What is limb-sparing surgery?
Limb-sparing surgery, also called limb salvage, is a treatment for malignant bone tumors and soft tissue tumors (sarcomas).
Unlike many types of surgery for malignant bone and soft tissue tumors, limb-sparing surgery gives your child a chance to keep the limb (arm or leg) that has the tumor. The techniques used for limb-sparing surgery can also be used for tumors in the pelvis (large hip bone).
Because malignant bone and soft tissue tumors can spread cancer cells to the rest of the body, doctors treat the tumors by removing them. In the past, this usually meant removing (amputating) the child’s limb, often a leg, along with the tumor. Now, most children do not need amputation to control their malignant tumor.
Limb-sparing surgery saves your child’s limb by removing only the tumor and surrounding bone, cartilage or other nearby tissue, not the whole limb.
Once we remove the tumor and surrounding tissue, we use either a bone transplant, called an allograft bone graft, or a metal implant, such as an artificial knee joint, in place of the bone we remove.
When young children are still growing, it is important for surgeons to plan carefully for the child’s growth after surgery. When possible, we try to preserve the growth plate so the bone can keep growing. We can sometimes use a new device called a growing prosthesis that expands while inside your child to match your child’s growth. For some children, we use surgical techniques to decrease the rate of growth at remaining growth plates to keep their legs at even lengths.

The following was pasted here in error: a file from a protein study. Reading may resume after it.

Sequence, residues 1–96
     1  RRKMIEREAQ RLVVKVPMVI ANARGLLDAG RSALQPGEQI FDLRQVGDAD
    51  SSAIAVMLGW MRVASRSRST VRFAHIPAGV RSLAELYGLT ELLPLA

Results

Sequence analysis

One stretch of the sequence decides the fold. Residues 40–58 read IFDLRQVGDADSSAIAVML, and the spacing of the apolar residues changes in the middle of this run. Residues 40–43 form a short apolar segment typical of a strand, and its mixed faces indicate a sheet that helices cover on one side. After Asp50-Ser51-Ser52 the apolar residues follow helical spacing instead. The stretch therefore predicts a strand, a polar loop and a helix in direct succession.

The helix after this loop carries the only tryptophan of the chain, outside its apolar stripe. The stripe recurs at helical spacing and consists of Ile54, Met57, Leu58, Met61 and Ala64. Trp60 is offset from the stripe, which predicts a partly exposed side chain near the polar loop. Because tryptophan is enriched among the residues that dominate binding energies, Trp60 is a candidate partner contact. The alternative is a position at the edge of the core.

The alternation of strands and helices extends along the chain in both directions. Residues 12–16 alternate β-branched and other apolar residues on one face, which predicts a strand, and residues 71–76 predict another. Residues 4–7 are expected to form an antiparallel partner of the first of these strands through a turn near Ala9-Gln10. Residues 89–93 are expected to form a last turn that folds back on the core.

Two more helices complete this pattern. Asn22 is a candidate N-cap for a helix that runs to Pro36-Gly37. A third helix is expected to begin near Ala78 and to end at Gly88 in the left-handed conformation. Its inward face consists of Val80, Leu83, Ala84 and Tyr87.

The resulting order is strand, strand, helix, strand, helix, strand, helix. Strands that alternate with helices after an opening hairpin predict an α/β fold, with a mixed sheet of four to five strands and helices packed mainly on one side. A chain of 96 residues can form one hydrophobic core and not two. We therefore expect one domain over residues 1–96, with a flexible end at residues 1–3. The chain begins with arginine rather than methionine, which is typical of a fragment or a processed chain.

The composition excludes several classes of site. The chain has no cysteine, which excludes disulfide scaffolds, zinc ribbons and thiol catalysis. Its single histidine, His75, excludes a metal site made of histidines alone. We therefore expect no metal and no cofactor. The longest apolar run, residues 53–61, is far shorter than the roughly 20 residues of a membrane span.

Limb-sparing surgery with a bone graft.
Before surgery, an X-ray, an MRI and a PET scan show osteosarcoma in the lower thighbone (red circles in images to the left). Surgeons removed cancerous bone from the middle of the thigh to just above the knee and replaced it with a bone graft. After surgery, an X-ray shows how the graft is held to the patient’s own bone, above and below, by metal pins (image at far right).
Limb-sparing surgery with a metal implant.
Before surgery, an X-ray and an MRI show osteosarcoma in the upper shinbone (red circles in first two images to the left). Surgeons removed the upper shinbone and put in a metal knee replacement (image at far right).
How do you decide if my child can have limb-sparing surgery?
To gather information about your child’s condition and see if your child might be able to have limb-sparing surgery, we look at many images of their bone or soft tissue that has the tumor. We ask your child to have imaging studies before and after chemotherapy and before we take the tumor out.
Doctors at Seattle Children’s were pioneers in the use of the positron emission tomography (PET) scan and the MRI (magnetic resonance imaging) to see if chemotherapy has shrunk a patient’s tumors before surgery.
An MRI is very helpful for deciding how much bone and tissue we should remove along with the tumor during surgery. Imaging studies also help us assess bone healing after a bone graft and implant procedures.
Who gets limb-sparing surgery?
Children and teenagers with osteosarcoma, Ewing sarcoma and other sarcomas can benefit from limb-sparing surgery. Whether your child is a candidate for the surgery depends on several factors, including these:
- The size of the tumor
- Its location
- How much it has spread